“After the band finished up its setlist, the audience was not ready to call it a night. Despite amps being shut off and the house music rising up, the audience was non-relenting in their demand for more songs from their hometown band. So, the band retook the stage and ripped into another classic Grizzly tune, Nightmare Lady. This has always been one of my favorite tunes from the band, next to the seldom played Stage Dive. Grizzly keeps moving up through bigger venues, more cities and better exposure. Take my advice and get out to a show soon so you can tell folks how you saw them back in the clubs. Believe me, that day will come.” – Samuel Barker – Houston Music Review

“There was reprieve in the cards for my cochleae. At Dean’s, Grizzly stomped out an appealingly hard honky-tonk sound that culminated in a nice, crunchy cover of “Folsom Prison Blues,” complete with wailing guitar solo attached.” – Nathan Smith – Houston Press

“In a world of rock radio stations that keep getting weaker, It’s refreshing to know that there are a few Texas boys with balls that still put out some good rock and roll. They call it, “Southern Whiskey Punk.’ It’s what you get when you mix two parts Rancid, one part Supersuckers, a splash of Mean Gene Kelton mixed in a country shaker, and served up with a Dropkick Murphys chaser. It goes down hard, but definitely good! There is no gimmick to this band! The song “One more day” which is on the new album “Come And Take It” due out in March has an anthem quality to it that’ll make you want to throw up a fist, kiss your ole lady and drink a cold lone star beer.” – MissVHaven – Tip Out Magazine

“There’s nothing better on the Fourth of July than stumbling across a new band from your hometown whose surly, punk-flavored roots-rock is as American as hot dogs and waterboarding. That’s what happened to Rocks Off this past Independence Day when, while wandering around the Island taking pictures, we stumbled across Grizzly at Eric Tucker’s Continental July 4 party.” – Chris Gray – Houston Press – Rocks Off




Brand New Hearts (Houston, TX)


“One was a quartet of guys from the teeny little town of Magnolia who called themselves Ultramagg. They were one of the best damn emo(-ish) bands this city had seen, in my humble opinion, and they played every show like they were destroying the stage at some arena-sized show in front of a jam-packed crowd of crazed fans. They were heavy, they were melodic, and they were awesome. Frontman/guitaristNathan Parsons wrote the kind of songs I wished I could’ve written, and it killed me when they stepped out of the limelight and put down the guitars and drumsticks.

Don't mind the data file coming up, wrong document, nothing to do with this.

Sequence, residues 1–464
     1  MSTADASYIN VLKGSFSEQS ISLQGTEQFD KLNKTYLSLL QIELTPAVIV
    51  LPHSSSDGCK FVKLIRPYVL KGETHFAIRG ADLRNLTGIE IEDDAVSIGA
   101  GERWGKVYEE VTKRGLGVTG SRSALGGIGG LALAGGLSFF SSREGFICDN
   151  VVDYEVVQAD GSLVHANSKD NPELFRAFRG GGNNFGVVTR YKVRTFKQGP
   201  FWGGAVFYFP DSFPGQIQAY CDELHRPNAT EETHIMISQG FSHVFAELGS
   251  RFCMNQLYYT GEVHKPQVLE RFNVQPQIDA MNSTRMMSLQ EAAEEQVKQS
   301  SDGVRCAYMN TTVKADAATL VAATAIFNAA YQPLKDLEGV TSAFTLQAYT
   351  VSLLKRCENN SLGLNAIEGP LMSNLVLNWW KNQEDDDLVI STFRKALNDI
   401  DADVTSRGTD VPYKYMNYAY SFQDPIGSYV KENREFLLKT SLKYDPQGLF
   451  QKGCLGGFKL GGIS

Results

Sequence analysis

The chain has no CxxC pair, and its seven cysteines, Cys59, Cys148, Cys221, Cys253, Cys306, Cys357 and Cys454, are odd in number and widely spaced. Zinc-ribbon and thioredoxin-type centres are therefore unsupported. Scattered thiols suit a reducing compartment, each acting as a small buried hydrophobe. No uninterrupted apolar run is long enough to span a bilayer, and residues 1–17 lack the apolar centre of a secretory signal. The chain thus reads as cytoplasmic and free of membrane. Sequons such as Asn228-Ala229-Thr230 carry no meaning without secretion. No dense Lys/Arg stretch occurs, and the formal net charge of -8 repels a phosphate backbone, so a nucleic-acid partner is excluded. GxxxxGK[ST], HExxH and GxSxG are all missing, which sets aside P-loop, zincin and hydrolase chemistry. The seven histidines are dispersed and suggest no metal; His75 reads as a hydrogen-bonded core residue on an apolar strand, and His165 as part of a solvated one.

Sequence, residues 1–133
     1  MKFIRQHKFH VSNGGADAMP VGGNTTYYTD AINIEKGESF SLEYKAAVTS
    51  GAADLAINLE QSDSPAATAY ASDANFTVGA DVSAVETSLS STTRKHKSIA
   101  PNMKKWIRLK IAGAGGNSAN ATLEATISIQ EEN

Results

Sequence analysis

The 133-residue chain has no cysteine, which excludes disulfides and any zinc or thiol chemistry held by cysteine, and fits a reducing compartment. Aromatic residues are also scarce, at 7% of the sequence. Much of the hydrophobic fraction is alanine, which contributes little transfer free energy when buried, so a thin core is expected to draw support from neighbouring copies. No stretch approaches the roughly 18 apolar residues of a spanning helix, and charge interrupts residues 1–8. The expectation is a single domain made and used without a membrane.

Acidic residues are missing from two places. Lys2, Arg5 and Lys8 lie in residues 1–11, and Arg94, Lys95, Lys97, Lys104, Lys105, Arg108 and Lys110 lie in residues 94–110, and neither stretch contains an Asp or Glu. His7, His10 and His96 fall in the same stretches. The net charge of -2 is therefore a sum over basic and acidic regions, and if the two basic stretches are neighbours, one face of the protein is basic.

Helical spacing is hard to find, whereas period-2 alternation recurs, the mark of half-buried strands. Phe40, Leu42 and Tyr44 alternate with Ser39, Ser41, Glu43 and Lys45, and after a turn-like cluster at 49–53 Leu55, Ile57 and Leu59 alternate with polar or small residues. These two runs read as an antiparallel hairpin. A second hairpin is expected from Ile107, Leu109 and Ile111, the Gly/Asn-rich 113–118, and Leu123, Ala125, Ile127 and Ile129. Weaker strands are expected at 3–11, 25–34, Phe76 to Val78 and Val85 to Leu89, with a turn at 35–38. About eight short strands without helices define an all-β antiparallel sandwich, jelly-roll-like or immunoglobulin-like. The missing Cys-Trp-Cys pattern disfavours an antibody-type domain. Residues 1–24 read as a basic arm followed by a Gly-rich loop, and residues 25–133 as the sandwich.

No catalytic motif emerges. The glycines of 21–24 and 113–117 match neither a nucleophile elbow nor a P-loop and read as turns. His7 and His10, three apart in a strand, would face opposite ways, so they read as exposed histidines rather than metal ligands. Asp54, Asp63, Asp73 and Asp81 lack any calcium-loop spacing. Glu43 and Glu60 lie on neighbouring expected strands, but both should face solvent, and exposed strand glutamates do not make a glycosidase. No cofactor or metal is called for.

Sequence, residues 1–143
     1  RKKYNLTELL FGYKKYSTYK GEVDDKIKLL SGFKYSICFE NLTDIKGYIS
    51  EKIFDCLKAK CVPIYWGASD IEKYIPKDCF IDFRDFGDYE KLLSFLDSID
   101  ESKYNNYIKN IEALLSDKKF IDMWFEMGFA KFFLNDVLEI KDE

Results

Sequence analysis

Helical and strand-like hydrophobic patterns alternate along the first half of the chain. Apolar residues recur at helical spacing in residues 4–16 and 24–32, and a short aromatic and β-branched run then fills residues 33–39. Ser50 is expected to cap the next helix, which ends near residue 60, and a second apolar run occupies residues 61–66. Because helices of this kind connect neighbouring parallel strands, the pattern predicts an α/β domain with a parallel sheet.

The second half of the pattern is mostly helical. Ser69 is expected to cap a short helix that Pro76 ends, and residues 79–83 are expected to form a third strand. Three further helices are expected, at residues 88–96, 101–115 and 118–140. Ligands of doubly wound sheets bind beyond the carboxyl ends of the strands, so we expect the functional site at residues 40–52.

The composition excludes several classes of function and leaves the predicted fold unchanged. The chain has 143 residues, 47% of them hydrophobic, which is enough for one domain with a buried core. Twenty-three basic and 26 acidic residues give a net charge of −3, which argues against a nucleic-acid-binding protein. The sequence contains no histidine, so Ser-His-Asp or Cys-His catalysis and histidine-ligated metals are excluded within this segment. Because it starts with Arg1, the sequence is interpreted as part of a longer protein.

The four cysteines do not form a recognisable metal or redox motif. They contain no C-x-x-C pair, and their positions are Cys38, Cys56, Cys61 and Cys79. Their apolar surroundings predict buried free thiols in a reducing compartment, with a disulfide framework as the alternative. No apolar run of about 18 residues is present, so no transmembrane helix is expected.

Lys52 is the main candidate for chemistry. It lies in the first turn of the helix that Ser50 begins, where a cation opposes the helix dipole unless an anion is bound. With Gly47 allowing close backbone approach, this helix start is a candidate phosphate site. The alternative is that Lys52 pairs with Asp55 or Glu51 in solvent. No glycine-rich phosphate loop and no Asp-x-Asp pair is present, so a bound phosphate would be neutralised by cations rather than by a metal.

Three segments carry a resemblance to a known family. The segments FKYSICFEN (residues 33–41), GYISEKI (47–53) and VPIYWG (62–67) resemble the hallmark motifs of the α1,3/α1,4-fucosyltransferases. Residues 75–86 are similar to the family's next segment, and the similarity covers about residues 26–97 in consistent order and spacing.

Then there was Ben Murphy, who fronted or played with a slew of bands back in those days, from Pop Deflation to We’ve Got Airplanesand up through Panic in Detroit and Lucky Motors and beyond (and who most recently worked his magic in the sadly-defunct Bright Men of Learning). I can vividly remember watching Ben play guitar at one We’ve Got Airplanes show and feeling my jaw literally drop as I tried to figure how he was making the sounds that were coming out of the speaker.

Back in those early band days, we — like every band in this town — had trouble finding and keeping a drummer. We auditioned a ton of ‘em, honestly, and one of the few that utterly bowled me over was a guy named Jeff Senske. The man played like a hard-hitting metronome and was one of the best, tightest drummers I’ve heard before or since, up there with Sugar’s Malcolm Travis or Superchunk’s Jon Wurster. (Plus, he makes the best Drummer Faces ever.) Luckily for him, he came to his senses and demurred when we asked him to join the band, but we went on to be in damn near every good band that came after, including Trompedo and the aforementioned Bright Men of Learning.

Last but not least, there was Bring Back The Guns, aka Groceries, aka Gandhi in Evags, aka at least three or four more names I can’t recall. At one point, I’d pinned my hopes on BTTG to be The Band, the one who’d finally make the Music World At Large sit up and pay attention. The band’s skewed-yet-addictive brand of indie-rock was fun as hell but weird enough to make you scratch your head; in a lot of ways, looking back, they were about five years ahead of their time. And after releasing an EP, an album, and a couple of 7″s, they called it quits and went their separate ways, leaving myself and a bunch of other devoted fans sad and disappointed.